Top Photography Lighting Tips Using Flash For Portraits

Never use direct flash. Never use the built in flash on your camera apart from one type of effect called catchlight…see “catchlights”. Use an add on flash and at the very least you can bounce it off a wall behind you, the ceiling or even a side wall. Simple, very diffuse and natural. This one tip alone can change make your photography look professional.

Watch your sync Due to the design of a DSLR, the shutter and flash synchronisation have limitations which mean that most cameras will only sync up to 1/250, and some are at 1/180. The only time you start to notice this issue is when you are outdoors and having to balance daylight with your flash. So make sure your shutter speed is set below your sync speed.

Use available lighting as well. Shooting indoors or out, there is available light which is often nicer and warmer that your flash alone. (By the way we called the flash a strobe, so I’ll use this term from now on) The trick to getting this is to reduce your shutter speed. Remember you are using a strobe, which flashes at 1/10000 of a second; so you really don’t need to worry about camera shake. You can reduce the shutter speed to 1/30 sec…even 1/15 although you may start getting some blurring effects if you go too low. At 1/30 you should easily get some warmth coming through. Use this rule: Shutter speed adjusts daylight – Aperture adjusts flash. This tip alone will greatly improve your photography for.portraits.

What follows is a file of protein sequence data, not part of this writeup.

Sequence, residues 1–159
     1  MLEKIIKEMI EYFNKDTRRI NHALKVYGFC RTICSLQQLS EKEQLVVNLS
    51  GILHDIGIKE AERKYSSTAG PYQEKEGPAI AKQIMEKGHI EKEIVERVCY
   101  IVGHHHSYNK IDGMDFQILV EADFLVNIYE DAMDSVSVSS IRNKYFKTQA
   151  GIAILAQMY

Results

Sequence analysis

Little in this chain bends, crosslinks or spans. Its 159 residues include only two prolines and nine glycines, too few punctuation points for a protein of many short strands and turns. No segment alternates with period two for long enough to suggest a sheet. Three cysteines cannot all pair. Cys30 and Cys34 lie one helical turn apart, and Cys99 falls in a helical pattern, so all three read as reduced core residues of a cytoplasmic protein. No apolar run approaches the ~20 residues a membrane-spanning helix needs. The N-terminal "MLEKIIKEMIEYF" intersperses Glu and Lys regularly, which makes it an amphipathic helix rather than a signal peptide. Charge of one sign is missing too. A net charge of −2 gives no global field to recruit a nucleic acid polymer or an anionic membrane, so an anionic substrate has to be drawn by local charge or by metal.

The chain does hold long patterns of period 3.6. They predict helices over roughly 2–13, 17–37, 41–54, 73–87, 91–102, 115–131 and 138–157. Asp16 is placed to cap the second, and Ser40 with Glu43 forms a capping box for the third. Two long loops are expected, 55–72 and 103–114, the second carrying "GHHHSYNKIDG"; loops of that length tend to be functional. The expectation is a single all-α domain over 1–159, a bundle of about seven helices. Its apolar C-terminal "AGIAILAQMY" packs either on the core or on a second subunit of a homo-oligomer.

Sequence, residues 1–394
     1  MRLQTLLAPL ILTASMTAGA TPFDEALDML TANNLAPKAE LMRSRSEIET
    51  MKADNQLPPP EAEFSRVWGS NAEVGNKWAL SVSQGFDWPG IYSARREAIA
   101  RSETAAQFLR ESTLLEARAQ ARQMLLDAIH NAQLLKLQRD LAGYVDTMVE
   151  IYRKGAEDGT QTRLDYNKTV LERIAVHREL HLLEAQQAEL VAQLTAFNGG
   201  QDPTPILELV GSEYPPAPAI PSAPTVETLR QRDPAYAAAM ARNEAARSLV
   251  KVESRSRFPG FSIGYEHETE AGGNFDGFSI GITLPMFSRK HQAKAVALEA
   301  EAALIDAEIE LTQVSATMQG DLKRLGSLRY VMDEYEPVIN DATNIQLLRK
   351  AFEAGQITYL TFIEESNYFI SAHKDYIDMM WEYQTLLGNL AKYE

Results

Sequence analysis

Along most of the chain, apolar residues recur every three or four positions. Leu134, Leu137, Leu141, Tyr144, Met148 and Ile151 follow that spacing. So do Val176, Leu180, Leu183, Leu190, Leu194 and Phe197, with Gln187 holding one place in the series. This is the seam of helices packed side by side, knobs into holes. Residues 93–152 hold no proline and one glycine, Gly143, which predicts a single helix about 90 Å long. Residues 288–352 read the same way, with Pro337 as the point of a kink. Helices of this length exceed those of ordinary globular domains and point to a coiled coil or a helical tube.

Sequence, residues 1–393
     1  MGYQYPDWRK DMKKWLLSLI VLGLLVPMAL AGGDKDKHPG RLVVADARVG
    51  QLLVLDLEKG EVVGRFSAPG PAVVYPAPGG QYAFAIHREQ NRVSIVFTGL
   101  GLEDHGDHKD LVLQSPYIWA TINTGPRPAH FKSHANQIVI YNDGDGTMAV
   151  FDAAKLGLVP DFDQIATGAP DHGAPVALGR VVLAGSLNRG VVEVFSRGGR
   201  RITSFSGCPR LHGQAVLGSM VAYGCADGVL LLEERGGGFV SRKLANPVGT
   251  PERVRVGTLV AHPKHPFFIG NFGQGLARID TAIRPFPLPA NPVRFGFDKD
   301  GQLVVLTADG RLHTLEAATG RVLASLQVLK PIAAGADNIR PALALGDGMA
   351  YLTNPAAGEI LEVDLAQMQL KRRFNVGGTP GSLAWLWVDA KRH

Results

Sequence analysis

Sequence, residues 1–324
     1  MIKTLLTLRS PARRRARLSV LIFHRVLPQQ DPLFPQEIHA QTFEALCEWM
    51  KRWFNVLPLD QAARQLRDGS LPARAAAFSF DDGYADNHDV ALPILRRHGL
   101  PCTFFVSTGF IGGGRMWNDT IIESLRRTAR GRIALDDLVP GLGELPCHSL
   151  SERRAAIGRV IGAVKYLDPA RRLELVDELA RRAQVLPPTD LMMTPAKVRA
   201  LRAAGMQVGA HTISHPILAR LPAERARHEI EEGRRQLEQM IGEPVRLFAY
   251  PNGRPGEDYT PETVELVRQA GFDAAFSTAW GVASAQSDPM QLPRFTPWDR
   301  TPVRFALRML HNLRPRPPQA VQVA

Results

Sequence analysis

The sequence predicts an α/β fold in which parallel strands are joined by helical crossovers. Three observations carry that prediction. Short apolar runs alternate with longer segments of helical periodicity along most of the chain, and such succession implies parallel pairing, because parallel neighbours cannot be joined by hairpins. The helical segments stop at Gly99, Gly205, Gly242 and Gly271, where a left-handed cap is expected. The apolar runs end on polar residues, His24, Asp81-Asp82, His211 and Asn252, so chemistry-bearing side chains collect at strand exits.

Take this tip one step further and if you are shooting outdoors use movement to illustrate the action, and flash to keep your subject sharp. Works great for weddings.

Catchlights In portraits what makes the eyes sparkle is called a catchlight. Its essential to get these in your shots, they can make or break your portrait. To get them without strobes in daylight, sit your subject in front of window, and position their head so that the window light is visible in their eyes. To get them with a strobe, you need to take it off camera and position it off to the right/ or left, but remember you are bouncing your flash so use a reflector card on the strobe to create the catchlight. Many modern strobes have one built in to the unit that can extend about an inch from the head itself. This reflects a white light back to the subject. Alternatively you can tape a 2×1 inch piece of card to the back of the strobe to create the same effect.

More tips…

Use your inbuilt flash for catch light Most modern cameras now have a popup flash built in. You should never use this, as the main light from it is too small, harsh and ugly. However, it can create good catchlights. You need to dial the exposure compensation for the flash down -2 stops so that it does light the scene too much.

You need diffuse flash If you getting serious about portraits or people images with strobes you must diffuse your light properly. You can get an umbrella, softbox, or even makes something our of cereal box, with tracing paper at the end. Good tip here…A simple solution is to take milk carton and clean it out and wrap it around you strobe head.

Get your flash off camera for effective lighting in your photography OK so you need to get your strobes off your camera and fire them remotely. You can either buy cactus wireless triggers (about $40 – bargain!) or use cable/PC-sync cords. The wireless triggers give you much more scope to move about. You can also use them behind objects, which takes your lighting to a new level.

Look for back lighting Backlit situations make beautiful hairlights…and add a real wow factor, if you get the frontal exposure right. If you are in a backlight situation, use your strobe to light the subject to balance. You need to get the balance right, and with digital you can check it right away. Remember to set your exposure for the daylight, and then add the flash at the same aperture setting. Then use the rule: Shutter speed adjusts daylight – Aperture adjusts flash.

Hot tip on backlighting….go for flare. Its not taboo and adds a bit of character to the shot. Make sure you get your subject clear though and correctly exposed.